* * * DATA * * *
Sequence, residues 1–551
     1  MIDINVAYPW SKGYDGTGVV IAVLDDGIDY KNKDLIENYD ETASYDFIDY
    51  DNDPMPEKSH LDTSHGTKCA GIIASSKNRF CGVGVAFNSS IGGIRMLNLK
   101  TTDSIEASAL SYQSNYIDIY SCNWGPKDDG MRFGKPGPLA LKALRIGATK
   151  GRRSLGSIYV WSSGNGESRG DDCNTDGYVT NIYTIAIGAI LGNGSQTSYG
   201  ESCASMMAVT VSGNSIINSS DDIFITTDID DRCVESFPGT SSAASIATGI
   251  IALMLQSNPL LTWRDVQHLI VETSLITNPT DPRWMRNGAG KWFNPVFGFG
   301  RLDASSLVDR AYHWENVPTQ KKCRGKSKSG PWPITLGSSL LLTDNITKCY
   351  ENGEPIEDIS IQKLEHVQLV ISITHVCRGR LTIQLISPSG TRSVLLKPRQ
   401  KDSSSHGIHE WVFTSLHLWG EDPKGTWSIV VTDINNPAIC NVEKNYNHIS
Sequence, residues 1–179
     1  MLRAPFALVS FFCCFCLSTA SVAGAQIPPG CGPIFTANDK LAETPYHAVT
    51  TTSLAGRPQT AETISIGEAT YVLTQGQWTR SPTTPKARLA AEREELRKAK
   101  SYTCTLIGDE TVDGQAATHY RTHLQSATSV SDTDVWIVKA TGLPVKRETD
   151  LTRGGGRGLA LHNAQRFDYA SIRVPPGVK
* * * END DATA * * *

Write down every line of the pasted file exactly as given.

Sequence, residues 1–551
     1  MIDINVAYPW SKGYDGTGVV IAVLDDGIDY KNKDLIENYD ETASYDFIDY
    51  DNDPMPEKSH LDTSHGTKCA GIIASSKNRF CGVGVAFNSS IGGIRMLNLK
   101  TTDSIEASAL SYQSNYIDIY SCNWGPKDDG MRFGKPGPLA LKALRIGATK
   151  GRRSLGSIYV WSSGNGESRG DDCNTDGYVT NIYTIAIGAI LGNGSQTSYG
   201  ESCASMMAVT VSGNSIINSS DDIFITTDID DRCVESFPGT SSAASIATGI
   251  IALMLQSNPL LTWRDVQHLI VETSLITNPT DPRWMRNGAG KWFNPVFGFG
   301  RLDASSLVDR AYHWENVPTQ KKCRGKSKSG PWPITLGSSL LLTDNITKCY
   351  ENGEPIEDIS IQKLEHVQLV ISITHVCRGR LTIQLISPSG TRSVLLKPRQ
   401  KDSSSHGIHE WVFTSLHLWG EDPKGTWSIV VTDINNPAIC NVEKNYNHIS
Sequence, residues 1–179
     1  MLRAPFALVS FFCCFCLSTA SVAGAQIPPG CGPIFTANDK LAETPYHAVT
    51  TTSLAGRPQT AETISIGEAT YVLTQGQWTR SPTTPKARLA AEREELRKAK
   101  SYTCTLIGDE TVDGQAATHY RTHLQSATSV SDTDVWIVKA TGLPVKRETD
   151  LTRGGGRGLA LHNAQRFDYA SIRVPPGVK